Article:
If the placenta does not separate within 12 hours, specialized help should be sought, as this can lead to serious problems. Self-removal of the placenta by a farmer or an incompetent worker is not recommended, as this can lead to trauma or permanent damage to the uterus and even infertility.
Another indicator that needs to be closely monitored is the increase in milk production. The colostrum period is about 5 to 7 days. If the animal has been treated with antibiotics, the milk must be discarded within the next 3 days after ingestion.
The control during the first 2 weeks after birth must be very strict and the separation of the born animals is extremely important – both for them and for the other cows in the herd. If calved cows are carriers of infections and return to the main group of lactating animals, they will spread the disease. Unfortunately, it is common practice for animals to return to the main group immediately after calving.
The principle is that an animal with a retained placenta, endometritis, mastitis or other problems should not leave the maternity ward until it has been cured. Monitoring should not be underestimated – it is the basis of early diagnosis and good health and high productivity of animals!
Sick animals should also be as far away from the maternity ward as possible, as cows that are about to calve or have recently calved are severely immunocompromised and prone to disease and infection.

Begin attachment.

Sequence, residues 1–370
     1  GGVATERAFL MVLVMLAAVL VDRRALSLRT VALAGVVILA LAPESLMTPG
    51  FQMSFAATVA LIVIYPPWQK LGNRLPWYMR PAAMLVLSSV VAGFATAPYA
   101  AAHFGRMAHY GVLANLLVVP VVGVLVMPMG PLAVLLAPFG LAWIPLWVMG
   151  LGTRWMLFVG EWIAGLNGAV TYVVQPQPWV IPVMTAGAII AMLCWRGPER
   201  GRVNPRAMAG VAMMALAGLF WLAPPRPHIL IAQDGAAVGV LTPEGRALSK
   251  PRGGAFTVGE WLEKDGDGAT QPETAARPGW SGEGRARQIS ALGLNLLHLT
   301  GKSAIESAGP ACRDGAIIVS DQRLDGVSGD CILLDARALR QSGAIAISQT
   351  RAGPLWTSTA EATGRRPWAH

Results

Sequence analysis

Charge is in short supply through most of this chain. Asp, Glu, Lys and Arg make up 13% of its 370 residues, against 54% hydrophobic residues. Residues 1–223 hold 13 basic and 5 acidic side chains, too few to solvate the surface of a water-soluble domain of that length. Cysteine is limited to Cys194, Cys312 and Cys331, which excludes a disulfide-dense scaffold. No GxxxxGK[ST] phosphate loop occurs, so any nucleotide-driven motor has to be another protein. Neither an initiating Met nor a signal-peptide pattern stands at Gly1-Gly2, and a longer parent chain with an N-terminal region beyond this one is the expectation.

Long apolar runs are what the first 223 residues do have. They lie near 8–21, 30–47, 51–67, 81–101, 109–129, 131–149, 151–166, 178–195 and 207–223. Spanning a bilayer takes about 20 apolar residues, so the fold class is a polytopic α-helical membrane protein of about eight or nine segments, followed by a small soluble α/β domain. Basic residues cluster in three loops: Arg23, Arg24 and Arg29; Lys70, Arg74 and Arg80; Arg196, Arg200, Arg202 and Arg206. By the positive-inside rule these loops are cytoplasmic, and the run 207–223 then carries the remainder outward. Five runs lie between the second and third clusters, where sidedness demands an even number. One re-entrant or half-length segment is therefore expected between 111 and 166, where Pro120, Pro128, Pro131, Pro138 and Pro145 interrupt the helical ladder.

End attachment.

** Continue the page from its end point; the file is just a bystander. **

All problems should be cleared before the next insemination and fertilization.
Very often the reason for unsuccessful inseminations is that the uterus has regained its size, but not its lining, which requires time.
Around the 30th day, a rectal examination should be performed to determine the condition of the uterus and ovaries – whether they are smooth or have any formations. It is recommended to massage the uterus.
By synchronizing the estrus, normal sexual-cyclic activity can be restored, and insemination should not take place during the first heat, but only stimulate the natural processes. Insemination at the first heat carries its own risks and the success rate is significantly lower. Lactation time is shortened and it is also not economically viable, as the animal will have to be dried at the peak of its lactation.
If insemination is too early, there is also a risk of hormonal imbalance, even if early embryonic mortality occurs.
In summary, the main steps for proper management of the postpartum period are constant monitoring, adequate conditions and nutrition of animals, high hygiene and timely competent treatment in case of health problems.